… or how to fail at restoring keycaps
… and fix it afterward
Recently, I’ve bought a drowned (at least it looked like drowned :D) and burned (at least it looked like burned :D) Schneider CPC464 and C64 Breadbin.
Well, maybe this CPC was simply laying in a wet cellar next to a central heating system but drowned&burned sounds more thrilling 😀
C64 is another story and this time, I’ll focus on CPC.
Auction on a bidding portal obviously stated that machines are untested so I already knew that it’ll be broken – which is cool since I’ve never had an occasion to play with CPC and a broken CPC promised a good adventure 😀
After opening a package I was kinda surprised because CPC looked like someone stepped on it … and stayed there for a while
PSU and launching it
Excited as hell I quickly fixed it and attempted the first launch. Attempted …. because I didn’t have a proper video cable. Quick google find told me that there is a composite video signal so I connected it and was kinda surprised with the outcome. It was really dark output but hey! it booted !!
PCB cleaning and further fixes
I already had all disassembled so I started to clean a PCB from old dust. In general, PCB wasn’t in that bad shape but I’ve noticed that in upper right corner area (video out connector) all look way more corroded than the rest of the PCB. I decided that I’ll desolder monitor connector just to have a look at what may lurk under it and I must admit that I am glad I did it.
That is what I’ve found.
After cleaning It, it wasn’t much better at all.
Just a few seconds before I turned it on, I took a deep breath aaaaaaand ….. and I farted lol 😀
Fortunately, it was a dry fart so CPC was safe and no more corrosion was introduced to it.
This time, I’ve opened a window (on my Linux box) just in case the ‘smelly one wanted to come back ;P
Keyboard and case repairs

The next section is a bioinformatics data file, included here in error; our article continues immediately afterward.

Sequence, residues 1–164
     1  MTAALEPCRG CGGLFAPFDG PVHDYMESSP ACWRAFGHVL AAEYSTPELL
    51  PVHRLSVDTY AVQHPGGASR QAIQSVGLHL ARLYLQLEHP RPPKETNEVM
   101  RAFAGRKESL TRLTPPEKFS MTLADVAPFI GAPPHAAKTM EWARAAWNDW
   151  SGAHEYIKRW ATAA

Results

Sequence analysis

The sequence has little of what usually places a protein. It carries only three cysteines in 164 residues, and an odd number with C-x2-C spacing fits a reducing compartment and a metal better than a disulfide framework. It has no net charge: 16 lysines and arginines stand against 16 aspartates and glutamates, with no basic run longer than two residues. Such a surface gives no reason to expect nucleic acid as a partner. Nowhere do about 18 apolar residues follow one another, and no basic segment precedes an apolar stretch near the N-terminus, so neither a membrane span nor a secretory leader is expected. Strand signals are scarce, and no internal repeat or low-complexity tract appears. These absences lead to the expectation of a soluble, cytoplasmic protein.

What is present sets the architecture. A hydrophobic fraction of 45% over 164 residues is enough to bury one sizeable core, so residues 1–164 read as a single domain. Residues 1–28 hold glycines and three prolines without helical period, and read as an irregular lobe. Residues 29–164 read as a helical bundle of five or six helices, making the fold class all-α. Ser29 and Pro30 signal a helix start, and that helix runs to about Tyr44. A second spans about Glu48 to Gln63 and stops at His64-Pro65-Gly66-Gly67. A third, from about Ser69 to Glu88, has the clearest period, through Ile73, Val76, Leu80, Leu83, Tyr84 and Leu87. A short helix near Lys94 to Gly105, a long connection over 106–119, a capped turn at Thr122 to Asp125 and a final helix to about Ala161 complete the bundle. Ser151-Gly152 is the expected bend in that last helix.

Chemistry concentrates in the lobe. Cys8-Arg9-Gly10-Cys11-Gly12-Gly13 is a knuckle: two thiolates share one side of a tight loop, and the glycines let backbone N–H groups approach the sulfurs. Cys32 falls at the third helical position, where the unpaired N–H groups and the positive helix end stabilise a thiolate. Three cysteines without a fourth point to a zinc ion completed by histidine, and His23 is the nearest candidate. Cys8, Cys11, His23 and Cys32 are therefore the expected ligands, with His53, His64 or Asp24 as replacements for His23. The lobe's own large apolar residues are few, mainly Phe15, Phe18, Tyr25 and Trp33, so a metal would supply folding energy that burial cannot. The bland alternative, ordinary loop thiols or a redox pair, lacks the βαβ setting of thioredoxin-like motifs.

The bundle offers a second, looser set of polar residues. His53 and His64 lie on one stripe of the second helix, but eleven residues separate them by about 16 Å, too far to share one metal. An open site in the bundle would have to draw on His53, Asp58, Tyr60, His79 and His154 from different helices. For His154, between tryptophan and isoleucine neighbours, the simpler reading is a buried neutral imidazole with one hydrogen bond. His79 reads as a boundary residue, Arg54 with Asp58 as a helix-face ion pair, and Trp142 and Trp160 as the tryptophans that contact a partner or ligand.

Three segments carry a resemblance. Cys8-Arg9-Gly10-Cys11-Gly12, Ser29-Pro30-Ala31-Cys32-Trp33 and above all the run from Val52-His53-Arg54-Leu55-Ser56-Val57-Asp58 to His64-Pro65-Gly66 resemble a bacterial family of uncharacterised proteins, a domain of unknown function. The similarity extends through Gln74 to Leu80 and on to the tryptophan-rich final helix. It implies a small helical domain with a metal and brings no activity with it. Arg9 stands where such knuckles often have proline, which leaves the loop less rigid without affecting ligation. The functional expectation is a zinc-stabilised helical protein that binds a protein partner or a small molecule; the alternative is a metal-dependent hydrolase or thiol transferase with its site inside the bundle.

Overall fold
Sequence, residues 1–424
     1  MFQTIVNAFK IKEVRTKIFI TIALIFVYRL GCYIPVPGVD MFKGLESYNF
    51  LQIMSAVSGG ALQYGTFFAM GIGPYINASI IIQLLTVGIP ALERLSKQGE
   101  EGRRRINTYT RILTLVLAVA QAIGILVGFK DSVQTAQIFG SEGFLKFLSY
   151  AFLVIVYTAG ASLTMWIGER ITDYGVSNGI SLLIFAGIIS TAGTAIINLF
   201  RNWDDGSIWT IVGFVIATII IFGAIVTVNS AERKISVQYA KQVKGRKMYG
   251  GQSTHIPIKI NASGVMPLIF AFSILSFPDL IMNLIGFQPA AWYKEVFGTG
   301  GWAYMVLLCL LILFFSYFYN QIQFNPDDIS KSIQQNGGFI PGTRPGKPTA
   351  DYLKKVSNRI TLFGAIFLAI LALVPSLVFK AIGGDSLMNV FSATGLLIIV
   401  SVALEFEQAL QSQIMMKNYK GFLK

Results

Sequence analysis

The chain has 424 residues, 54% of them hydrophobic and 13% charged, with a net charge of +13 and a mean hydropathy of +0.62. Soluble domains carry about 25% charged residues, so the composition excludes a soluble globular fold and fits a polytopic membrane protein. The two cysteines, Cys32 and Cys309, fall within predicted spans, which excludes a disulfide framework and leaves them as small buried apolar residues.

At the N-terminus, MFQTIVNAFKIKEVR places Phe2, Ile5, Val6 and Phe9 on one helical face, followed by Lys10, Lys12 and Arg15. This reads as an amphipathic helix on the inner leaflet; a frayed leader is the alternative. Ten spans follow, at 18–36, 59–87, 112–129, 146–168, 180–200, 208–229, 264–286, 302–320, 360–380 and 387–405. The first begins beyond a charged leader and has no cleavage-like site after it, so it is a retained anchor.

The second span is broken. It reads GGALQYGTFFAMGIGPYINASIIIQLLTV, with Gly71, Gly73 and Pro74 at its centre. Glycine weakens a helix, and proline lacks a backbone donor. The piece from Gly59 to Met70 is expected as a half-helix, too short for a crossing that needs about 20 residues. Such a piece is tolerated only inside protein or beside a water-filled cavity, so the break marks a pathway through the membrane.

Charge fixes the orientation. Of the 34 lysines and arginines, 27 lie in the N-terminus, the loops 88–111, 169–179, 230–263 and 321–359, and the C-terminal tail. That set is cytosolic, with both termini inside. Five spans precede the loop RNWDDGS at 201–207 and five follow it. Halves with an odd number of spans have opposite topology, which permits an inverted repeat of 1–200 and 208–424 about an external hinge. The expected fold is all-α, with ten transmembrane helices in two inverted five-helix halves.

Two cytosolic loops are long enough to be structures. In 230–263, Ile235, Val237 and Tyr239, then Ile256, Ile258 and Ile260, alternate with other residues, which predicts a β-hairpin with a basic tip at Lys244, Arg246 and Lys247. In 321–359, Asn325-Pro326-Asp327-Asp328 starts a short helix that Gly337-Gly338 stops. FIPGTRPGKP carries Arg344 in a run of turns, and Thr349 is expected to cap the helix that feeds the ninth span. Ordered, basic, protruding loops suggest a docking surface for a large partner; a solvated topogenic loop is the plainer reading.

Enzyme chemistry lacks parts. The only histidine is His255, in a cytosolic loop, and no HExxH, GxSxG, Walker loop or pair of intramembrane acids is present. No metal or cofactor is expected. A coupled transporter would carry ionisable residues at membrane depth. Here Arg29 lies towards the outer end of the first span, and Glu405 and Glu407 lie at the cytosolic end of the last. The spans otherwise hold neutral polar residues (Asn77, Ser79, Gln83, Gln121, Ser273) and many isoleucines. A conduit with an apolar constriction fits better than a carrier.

CPC464 keyboard is an interesting one.
It has two springs. External and large to force the keycap to return to its original position and a second small spring that presses on a membrane and makes contact.
What I usually do to clean keycaps is to throw ’em into a solution of sodium hydroxide (WARNING HIGHLY CAUSTIC STUFF !!). This removes various greasy and organic substances. However, what I didn’t know (and check) keycaps in CPC are made from a kind of polymer that might degrade in such a solution. The end result was very disappointing. Keycaps were super clean but they also turned white after drying up :/
I wouldn’t be myself if I didn’t at least try to repair it, so after a tiny gulp of whiskey, I was ready for action HA!
Badges and cassette recorder glass
I’ve sanded both sides with grade 400 sandpaper first and 1500 grade afterward and polished it with car wax to finish the repair.
Still, there was a problem with a puncture in the middle of the main badge.
I straightened it with a vise and two aluminum brackets.
The plan sorta worked but I am not super satisfied with the end result. It can be done better but I simply don’t have that wide oven at the moment 😀
Unfortunately, I don’t have any software (yet!) to record a demo of this old machine working so only photos of the results are posted below.
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